López Obrador’s position is what you would expect: strong and intense. His intervention positions him in a public clash, but not with the U.S. government.
It’s a discussion that never should have happened, at least not at the level it has. It’s a fight between politicians with their attention focused on their own domestic audiences, no matter how much it may appear to be an exchange.
And it doesn’t help resolve things or clarify the situation, because criticism of the Mexican government’s dealings with fentanyl is largely an indirect way for Republican politicians to attack President Joe Biden and the Democrats’ “weakness.”
The “debate” between President Andrés Manuel López Obrador and Rep. Dan Crenshaw, with Sen. Lindsay Graham chiming in, casts one as a courageous defender of the homeland — from a podium — and the others as public servants concerned for the welfare of their constituents.
But López Obrador gave Crenshaw and Graham a status they don’t have: He put them at a level of a head of state. Crenshaw, an elected representative of a district with between 600,000 and 700,000 constituents, could be or is a legislator on the rise who has just found himself a spectacular political bonanza.
But he is one of 435 members of Congress. Graham is a South Carolina senator who is always ready to make a name for himself. Crenshaw’s reelection campaign next year could well revolve around his “debate” with López Obrador: Not only did he question the president on Mexico’s drug trafficking problems, but he also reproached him for “condoning” criminal activity.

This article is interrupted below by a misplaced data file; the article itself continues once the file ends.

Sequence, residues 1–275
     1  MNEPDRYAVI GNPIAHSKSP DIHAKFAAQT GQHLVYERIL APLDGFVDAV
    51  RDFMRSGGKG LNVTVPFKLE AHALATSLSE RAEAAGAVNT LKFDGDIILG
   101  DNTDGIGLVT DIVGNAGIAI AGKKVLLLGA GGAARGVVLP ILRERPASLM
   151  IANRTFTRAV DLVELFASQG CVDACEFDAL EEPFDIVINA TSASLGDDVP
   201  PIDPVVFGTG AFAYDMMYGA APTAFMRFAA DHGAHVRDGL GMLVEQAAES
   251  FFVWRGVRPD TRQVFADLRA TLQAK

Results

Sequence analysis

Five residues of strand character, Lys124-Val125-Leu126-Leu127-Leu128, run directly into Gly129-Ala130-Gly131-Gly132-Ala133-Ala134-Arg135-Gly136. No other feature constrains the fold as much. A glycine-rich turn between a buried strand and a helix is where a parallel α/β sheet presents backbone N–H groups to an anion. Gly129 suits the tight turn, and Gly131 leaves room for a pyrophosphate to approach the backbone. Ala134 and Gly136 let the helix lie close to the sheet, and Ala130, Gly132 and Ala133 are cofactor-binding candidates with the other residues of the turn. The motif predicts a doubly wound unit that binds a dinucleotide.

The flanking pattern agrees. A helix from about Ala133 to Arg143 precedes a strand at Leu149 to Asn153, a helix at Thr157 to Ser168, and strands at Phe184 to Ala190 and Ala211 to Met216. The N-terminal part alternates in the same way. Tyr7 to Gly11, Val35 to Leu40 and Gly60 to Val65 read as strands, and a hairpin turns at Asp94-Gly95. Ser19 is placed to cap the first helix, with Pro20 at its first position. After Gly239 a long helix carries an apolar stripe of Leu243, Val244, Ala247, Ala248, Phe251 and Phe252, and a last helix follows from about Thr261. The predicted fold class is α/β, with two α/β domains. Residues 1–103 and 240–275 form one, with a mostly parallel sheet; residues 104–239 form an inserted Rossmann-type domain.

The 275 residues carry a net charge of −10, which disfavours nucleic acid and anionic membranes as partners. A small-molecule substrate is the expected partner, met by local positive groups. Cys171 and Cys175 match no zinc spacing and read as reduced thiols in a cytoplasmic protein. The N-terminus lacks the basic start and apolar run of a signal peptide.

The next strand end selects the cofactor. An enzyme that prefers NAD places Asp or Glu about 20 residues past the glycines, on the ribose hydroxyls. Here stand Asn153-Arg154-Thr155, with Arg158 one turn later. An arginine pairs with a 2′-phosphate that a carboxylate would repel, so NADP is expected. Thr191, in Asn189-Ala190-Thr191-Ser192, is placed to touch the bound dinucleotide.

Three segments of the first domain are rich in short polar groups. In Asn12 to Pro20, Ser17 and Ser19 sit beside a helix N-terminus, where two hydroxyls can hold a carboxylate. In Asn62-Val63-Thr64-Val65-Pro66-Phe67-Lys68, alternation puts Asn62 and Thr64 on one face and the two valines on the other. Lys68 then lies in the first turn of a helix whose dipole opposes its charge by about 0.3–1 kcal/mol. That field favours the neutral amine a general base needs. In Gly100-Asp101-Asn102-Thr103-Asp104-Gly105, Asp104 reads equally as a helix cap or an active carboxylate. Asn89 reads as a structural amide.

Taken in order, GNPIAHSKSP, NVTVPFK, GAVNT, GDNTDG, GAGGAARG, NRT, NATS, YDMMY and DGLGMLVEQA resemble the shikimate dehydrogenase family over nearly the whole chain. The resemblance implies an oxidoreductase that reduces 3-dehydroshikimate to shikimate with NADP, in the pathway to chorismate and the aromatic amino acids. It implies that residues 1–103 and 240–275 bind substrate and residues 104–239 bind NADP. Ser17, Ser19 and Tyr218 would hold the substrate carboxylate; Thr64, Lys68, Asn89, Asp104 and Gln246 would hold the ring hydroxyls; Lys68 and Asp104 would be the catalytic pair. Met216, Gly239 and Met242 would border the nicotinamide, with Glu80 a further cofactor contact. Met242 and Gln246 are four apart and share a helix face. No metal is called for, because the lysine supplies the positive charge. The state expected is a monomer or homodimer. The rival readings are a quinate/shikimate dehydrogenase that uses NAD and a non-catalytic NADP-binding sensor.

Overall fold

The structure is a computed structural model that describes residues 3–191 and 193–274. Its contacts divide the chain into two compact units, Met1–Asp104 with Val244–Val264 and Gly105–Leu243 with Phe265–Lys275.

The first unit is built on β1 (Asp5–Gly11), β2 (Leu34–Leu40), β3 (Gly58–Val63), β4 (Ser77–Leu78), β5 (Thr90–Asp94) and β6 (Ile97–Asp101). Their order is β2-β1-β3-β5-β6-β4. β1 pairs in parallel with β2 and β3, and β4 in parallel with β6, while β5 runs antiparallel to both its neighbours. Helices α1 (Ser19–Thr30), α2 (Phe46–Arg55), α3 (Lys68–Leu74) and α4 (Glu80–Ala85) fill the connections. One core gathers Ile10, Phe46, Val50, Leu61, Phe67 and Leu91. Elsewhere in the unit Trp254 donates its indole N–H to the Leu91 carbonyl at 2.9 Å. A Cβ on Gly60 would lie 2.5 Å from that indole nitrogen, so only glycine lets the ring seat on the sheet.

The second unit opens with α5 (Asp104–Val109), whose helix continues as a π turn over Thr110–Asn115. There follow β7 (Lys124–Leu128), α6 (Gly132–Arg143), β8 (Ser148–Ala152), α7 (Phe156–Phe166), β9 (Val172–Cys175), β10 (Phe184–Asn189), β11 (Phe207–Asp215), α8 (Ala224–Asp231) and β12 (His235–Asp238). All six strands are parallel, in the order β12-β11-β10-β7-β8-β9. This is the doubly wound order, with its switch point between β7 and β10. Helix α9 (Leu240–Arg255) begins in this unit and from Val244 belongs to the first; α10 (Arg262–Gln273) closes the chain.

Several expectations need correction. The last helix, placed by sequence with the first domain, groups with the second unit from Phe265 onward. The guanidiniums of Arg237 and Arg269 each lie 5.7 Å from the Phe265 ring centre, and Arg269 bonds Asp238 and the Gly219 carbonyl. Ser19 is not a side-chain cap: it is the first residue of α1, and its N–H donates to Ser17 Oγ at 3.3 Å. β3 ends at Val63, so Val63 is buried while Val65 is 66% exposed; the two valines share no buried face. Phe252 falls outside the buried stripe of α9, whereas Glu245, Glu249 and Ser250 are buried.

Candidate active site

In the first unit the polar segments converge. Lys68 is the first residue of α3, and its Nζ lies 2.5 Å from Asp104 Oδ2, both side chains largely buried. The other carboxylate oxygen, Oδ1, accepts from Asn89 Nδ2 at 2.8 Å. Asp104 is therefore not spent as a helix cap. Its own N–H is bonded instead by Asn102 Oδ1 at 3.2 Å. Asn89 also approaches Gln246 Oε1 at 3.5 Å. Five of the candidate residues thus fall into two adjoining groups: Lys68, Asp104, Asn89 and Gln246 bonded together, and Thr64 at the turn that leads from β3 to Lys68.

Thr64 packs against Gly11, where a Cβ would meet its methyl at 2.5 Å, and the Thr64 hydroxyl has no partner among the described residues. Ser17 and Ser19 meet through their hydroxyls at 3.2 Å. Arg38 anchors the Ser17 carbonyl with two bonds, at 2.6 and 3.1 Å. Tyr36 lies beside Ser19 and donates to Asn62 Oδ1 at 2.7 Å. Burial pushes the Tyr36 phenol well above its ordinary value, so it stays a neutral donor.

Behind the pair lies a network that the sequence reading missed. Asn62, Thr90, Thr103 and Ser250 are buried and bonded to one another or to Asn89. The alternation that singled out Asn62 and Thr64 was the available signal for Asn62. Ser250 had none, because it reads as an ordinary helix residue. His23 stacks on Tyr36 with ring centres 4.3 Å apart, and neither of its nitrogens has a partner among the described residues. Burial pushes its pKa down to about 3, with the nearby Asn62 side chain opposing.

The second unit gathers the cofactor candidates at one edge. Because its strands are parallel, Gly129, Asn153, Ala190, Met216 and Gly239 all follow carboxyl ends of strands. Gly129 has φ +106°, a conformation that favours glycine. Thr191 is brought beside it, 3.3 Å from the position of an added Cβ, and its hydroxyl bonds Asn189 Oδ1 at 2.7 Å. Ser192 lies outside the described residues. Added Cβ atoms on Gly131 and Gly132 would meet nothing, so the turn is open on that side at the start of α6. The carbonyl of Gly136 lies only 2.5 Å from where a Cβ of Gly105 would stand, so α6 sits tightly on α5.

Beyond what could be considered a real interest in the health of his constituents, Crenshaw is a politician seeking publicity and taking advantage of the issue to position himself both as a strong nationalist standing up to the foreign narco “attacker” and as a spokesperson for the 2024 Republican campaign agenda.
President López Obrador’s position is one you would expect: strong and intense. His intervention brings puts him at public odds not with the U.S. government, with which he has had his own run-ins, but with the current administration’s opposition, the Republicans. However, he continues to address his own public, more in an effort to gain their support in the face of outside criticism than to clarify U.S. perceptions.
By style or through lack of advice and analysis, AMLO was left open to appear in the 2024 U.S. political election campaign as one of the Republicans’ favorite international villains, not on the level of Russia’s Vladimir Putin or China’s Xi Jinping, but certainly up there, especially by those in border regions or those that feel most affected by fentanyl.
True to his style, from the beginning, López Obrador has been at the forefront of the national response to political attacks from a section of the Republican Party that is now convinced it has hit a nerve with both Mexico and the Biden administration. It will probably keep up the attack intermittently for the next 20 months until the presidential election and perhaps beyond.